Summary judgment is appropriate where "there is no genuine issue as to any material *514 fact ... and the moving party is entitled to judgment as a matter of law." Fed.R.Civ.P. 56(c). A fact is material, if under applicable substantive law, it may affect the result of the case and a dispute is genuine only if there is conflicting evidence that requires a trial to resolve the discrepancy. Ortega-Rosario v. Alvarado-Ortiz, 917 F.2d 71, 73 (1st Cir. 1990). Once the movant has presented probative evidence establishing its entitlement to judgment, the party opposing the motion must set forth specific facts demonstrating that there is a material and genuine issue for trial. Id.; Celotex Corp. v. Catrett, 477 U.S. 317, 323-25, 106 S. Ct. 2548, 2552-53, 91 L. Ed. 2d 265 (1986). In determining whether summary judgment is warranted, the court views the facts alleged in the light most favorable to the non-moving party and must indulge all inferences in favor of that party. Rossy v. Roche Products, Inc., 880 F.2d 621, 624 (1st Cir.1989).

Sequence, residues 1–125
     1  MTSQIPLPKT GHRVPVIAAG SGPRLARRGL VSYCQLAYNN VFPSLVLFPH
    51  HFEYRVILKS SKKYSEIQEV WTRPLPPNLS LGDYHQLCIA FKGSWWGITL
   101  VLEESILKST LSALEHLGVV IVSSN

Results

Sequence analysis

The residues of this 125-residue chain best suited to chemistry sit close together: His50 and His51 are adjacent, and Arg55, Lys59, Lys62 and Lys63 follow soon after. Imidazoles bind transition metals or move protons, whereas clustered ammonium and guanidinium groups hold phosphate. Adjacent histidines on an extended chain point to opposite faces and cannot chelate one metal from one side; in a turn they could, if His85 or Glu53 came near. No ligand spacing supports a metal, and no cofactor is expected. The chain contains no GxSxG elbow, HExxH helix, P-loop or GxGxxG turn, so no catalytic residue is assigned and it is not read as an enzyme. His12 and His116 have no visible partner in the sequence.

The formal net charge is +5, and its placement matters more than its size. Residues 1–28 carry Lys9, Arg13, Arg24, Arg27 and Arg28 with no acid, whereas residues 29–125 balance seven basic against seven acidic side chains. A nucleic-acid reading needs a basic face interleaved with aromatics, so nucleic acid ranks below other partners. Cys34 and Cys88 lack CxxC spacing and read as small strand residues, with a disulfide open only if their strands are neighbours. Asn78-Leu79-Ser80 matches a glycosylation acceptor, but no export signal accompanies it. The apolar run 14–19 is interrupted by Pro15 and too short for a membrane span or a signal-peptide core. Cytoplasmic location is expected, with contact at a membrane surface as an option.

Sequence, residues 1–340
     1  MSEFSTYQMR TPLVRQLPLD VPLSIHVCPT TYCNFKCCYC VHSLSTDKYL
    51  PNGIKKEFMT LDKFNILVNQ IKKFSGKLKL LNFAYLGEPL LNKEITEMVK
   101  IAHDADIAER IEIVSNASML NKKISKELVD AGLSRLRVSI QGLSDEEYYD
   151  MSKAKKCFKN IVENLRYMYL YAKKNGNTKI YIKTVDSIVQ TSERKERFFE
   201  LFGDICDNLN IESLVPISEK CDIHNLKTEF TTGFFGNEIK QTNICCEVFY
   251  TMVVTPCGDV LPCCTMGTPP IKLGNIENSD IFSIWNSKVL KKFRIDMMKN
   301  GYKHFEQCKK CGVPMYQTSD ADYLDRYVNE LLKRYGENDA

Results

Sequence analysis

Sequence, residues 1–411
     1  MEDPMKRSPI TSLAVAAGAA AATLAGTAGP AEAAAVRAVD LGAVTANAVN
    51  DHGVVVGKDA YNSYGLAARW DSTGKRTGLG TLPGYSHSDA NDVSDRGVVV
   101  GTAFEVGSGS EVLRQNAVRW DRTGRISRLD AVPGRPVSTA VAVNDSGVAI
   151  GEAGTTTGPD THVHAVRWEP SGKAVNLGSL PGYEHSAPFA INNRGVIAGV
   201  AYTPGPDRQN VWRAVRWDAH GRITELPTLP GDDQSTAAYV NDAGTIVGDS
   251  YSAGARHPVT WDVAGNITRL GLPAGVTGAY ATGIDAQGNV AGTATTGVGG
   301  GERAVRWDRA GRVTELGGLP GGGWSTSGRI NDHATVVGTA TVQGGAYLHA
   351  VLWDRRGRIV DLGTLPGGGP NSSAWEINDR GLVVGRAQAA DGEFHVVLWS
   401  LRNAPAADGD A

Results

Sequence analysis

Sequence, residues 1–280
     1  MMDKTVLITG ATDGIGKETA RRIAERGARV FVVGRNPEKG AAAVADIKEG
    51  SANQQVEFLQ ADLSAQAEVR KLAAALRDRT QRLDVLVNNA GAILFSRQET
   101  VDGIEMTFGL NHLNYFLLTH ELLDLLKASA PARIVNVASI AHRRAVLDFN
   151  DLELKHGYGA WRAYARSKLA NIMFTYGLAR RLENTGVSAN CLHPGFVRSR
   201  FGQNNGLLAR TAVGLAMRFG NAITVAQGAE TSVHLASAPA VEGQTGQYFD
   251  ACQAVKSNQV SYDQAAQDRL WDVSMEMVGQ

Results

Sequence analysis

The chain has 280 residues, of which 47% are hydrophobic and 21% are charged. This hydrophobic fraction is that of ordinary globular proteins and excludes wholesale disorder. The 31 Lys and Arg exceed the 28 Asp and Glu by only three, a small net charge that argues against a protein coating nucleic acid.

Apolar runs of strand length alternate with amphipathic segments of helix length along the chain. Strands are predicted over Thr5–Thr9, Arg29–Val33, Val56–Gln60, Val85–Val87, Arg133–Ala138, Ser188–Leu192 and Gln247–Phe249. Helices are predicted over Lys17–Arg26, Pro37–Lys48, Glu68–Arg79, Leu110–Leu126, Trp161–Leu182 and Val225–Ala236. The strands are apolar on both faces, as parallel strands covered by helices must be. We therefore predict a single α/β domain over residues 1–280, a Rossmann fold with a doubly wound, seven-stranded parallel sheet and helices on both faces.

Plaintiffs correctly note that in order to maintain their claim they must establish the following elements with respect to the compositions in suit: (1) originality and authorship; (2) compliance with the formalities of the Copyright Act, 17 U.S.C. §§ 101-914; (3) Plaintiff's ownership of the copyrights involved; (4) public performance of the compositions; and (5) lack of authorization. Almo Music Corp. v. 77 East Adams, Inc., 647 F. Supp. 123 (N.D.Ill.1986). There is some dispute as to whether plaintiffs must also show that the defendants' public performance was done for profit. Almo Music, 647 F. Supp. at 124. Relying on the court's analysis in LaSalle Music Publishers, Inc. v. Highfill, 622 F. Supp. 168, 168-69 (D.Mo. 1985), the court in Almo Music found that Congress had expressed a desire to "protect the [copyright] holder against widespread nonprofit performances of the copyrighted work." Id., 647 F. Supp. at 125. Accordingly, the court held that plaintiffs did not have to allege performance for profit in order to survive a motion to dismiss. Similarly, in addressing the public performance requirement of a copyright infringement action, the court in Jobete Music Co., Inc. v. Media Broadcasting Corp., 713 F. Supp. 174, 177 (M.D.N.C.1988), did not explicitly inquire into whether there had been a showing of profit resulting from the unauthorized radio performance of plaintiffs' compositions. On the strength of the reasoning set forth in LaSalle and Almo Music, the Court finds that no showing of profit stemming from an alleged unauthorized performance is necessary to make out a cause of action for copyright infringement.